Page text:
Loma Rica, CA
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July 23, 2014
Answer: 
Ambient temp. It doesn't have an exothermic reaction.
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Asked by
St. Augustine, FL, USA
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May 13, 2014
Answer: 
did not test it - but appears ambient temp
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March 25, 2014
Answer: 
I used it to insulate around replacement windows, but only where I had large gaps like the bottom where the old window sloped and the replacement had a flat bottom. Everywhere else I used silicon caulk. This material had a cure of about 5-10 minutes but don't use a great deal as it does expand a bit. Where I did not use too much it cured nicely. Where I did use too much, it took longer to cure and it Read More
I used it to insulate around replacement windows, but only where I had large gaps like the bottom where the old window sloped and the replacement had a flat bottom. Everywhere else I used silicon caulk. This material had a cure of about 5-10 minutes but don't use a great deal as it does expand a bit. Where I did not use too much it cured nicely. Where I did use too much, it took longer to cure and it kept expanding and once it stopped expanding and cured, I just cut the excess off. I have not used it as a mold but suggest you test it with different mold coating materials to make sure it does not stick to the mold as this material is very sticky. Read Less
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Asked by
McKinney, TX, USA
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January 14, 2014
Answer: 
Check with the manufacturer
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Asked by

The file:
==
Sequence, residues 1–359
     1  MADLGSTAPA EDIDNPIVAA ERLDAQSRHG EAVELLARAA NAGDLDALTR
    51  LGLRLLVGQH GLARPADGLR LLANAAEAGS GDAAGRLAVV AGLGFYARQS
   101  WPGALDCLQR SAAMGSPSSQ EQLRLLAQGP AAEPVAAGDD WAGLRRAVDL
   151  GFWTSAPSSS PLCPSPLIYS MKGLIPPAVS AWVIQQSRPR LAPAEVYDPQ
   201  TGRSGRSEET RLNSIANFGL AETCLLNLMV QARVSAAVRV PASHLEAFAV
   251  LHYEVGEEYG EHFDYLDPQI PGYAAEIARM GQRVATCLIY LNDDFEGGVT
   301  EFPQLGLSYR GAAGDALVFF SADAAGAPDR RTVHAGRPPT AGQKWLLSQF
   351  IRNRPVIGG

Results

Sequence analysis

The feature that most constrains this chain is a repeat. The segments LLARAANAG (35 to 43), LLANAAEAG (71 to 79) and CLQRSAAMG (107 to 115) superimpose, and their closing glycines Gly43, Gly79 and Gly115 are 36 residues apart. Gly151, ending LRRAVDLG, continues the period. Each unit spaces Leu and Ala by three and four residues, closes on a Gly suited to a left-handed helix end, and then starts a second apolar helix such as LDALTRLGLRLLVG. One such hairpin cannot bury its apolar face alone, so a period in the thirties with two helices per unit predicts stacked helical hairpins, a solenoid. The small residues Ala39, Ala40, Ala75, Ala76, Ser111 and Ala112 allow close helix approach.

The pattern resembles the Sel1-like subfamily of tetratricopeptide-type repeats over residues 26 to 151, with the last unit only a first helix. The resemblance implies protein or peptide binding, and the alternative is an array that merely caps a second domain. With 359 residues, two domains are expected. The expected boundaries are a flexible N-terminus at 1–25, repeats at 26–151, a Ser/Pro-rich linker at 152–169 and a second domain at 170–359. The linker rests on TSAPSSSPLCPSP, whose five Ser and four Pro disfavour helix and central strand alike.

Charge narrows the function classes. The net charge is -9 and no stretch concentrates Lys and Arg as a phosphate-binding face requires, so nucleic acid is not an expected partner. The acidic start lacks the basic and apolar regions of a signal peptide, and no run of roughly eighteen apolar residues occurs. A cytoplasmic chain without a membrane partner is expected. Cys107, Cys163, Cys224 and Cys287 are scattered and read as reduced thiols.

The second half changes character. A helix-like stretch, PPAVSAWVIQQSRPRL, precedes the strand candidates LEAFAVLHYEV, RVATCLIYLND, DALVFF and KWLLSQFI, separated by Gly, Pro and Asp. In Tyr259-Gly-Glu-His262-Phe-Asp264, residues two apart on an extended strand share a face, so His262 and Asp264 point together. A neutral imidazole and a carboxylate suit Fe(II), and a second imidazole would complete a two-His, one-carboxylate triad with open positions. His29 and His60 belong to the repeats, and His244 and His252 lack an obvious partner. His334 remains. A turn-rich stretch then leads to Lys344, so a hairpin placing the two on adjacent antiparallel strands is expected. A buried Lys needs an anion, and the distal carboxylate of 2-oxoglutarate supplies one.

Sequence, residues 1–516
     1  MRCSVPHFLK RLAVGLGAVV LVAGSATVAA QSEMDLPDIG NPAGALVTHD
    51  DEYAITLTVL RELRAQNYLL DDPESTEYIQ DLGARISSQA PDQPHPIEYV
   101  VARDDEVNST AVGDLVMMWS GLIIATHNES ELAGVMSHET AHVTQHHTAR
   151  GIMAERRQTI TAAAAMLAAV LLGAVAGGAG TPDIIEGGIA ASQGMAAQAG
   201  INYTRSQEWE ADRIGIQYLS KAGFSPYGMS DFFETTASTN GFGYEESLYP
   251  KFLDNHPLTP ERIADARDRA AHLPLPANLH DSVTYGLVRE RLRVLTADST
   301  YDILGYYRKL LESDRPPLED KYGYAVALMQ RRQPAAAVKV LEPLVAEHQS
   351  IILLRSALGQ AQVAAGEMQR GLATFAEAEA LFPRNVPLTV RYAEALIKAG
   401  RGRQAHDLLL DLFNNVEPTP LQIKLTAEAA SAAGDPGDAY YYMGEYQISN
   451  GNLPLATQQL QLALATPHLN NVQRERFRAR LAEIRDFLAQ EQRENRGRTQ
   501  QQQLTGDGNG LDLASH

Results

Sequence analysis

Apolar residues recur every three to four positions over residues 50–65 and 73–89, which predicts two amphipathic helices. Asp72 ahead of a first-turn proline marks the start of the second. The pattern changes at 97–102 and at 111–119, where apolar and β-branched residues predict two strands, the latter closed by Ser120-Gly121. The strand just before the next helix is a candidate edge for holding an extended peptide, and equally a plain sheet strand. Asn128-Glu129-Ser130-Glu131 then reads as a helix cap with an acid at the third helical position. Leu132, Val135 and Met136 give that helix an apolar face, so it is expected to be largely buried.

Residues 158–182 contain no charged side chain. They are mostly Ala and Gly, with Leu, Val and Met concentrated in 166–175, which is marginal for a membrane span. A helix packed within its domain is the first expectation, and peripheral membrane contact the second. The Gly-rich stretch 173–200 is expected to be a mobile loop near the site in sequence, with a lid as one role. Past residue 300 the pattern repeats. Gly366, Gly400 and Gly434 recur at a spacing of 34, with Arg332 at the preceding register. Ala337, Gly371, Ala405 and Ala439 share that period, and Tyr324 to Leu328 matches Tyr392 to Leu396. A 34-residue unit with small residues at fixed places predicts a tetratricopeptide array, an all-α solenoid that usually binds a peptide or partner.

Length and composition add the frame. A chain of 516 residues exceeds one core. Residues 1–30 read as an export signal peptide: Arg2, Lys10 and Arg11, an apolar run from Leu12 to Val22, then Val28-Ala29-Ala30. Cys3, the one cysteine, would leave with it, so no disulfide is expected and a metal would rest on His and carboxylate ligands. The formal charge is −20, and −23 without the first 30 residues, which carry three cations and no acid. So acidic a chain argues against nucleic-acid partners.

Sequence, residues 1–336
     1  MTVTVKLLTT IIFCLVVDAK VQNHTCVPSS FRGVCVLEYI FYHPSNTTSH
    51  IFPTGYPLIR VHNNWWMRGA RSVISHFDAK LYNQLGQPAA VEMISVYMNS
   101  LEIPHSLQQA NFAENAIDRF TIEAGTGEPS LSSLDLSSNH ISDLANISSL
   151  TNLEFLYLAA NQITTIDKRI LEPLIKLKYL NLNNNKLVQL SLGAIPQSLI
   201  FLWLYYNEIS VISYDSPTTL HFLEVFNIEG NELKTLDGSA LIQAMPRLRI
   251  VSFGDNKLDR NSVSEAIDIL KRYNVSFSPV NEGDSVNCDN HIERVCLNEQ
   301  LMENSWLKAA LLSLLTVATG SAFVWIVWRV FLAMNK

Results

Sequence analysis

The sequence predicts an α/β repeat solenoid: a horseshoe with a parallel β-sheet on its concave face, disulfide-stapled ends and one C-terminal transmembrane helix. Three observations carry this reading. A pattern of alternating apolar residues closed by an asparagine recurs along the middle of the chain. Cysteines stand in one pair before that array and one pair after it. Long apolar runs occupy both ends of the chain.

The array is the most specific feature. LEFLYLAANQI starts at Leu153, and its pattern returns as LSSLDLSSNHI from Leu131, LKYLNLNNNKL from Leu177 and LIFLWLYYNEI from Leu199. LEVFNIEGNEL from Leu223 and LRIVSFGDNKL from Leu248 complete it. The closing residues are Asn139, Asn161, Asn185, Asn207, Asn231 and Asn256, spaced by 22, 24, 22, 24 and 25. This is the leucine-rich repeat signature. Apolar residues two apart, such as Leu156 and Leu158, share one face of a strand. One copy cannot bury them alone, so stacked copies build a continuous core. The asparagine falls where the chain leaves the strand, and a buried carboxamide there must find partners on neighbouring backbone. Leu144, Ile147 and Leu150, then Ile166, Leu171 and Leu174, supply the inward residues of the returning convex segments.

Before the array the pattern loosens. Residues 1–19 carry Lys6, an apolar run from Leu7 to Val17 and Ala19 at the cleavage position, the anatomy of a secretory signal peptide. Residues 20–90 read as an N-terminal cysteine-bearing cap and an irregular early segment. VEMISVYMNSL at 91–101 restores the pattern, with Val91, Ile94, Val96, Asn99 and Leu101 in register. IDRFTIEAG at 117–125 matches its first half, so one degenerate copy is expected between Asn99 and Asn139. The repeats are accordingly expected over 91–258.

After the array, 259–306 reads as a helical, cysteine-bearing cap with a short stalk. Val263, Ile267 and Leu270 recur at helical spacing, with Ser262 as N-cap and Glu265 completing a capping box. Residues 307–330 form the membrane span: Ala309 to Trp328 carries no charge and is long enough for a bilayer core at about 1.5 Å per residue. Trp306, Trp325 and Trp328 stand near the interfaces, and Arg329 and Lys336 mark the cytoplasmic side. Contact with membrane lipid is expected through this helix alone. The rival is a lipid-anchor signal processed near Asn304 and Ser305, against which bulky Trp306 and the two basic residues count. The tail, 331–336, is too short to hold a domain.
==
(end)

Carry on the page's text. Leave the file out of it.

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October 18, 2013
Answer: 
I have used it a just above 32 degrees
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Asked by
Texas, USA
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July 23, 2013
Answer: 
I never put a thermometer in the Stuff, but I never noticed it to "feel" hot. The mold will have to be coated with something to keep the Stuff from sticking to it.
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June 27, 2013
Answer: 
GREAT STUFF™ Insulating Foam Sealant products should not be used around heaters, furnaces, fireplaces, or recessed lighting fixtures where it contacts heat conducting surfaces. Cured foam is combustible and may present a fire hazard if exposed to flame or temperatures above 240F. This product is flammable during dispensing. Do not smoke or use near open flame. Shut off pilot lights and sources of Read More
GREAT STUFF™ Insulating Foam Sealant products should not be used around heaters, furnaces, fireplaces, or recessed lighting fixtures where it contacts heat conducting surfaces. Cured foam is combustible and may present a fire hazard if exposed to flame or temperatures above 240F. This product is flammable during dispensing. Do not smoke or use near open flame. Shut off pilot lights and sources of ignition until tack free and cures fully in eight hours. Read Less
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June 24, 2013
Answer: 
GREAT STUFF™ sealants use moisture in the air to cure. They are designed to fill small cracks and gaps. The foam does not cure properly if it is used to fill large voids unless it is put down in layers and allowed to cure before the next layer is applied. Do not use GREAT STUFF™ sealants to fill enclosed voids such as behind drywall or under tub surrounds. The maximum use temperature for this product is Read More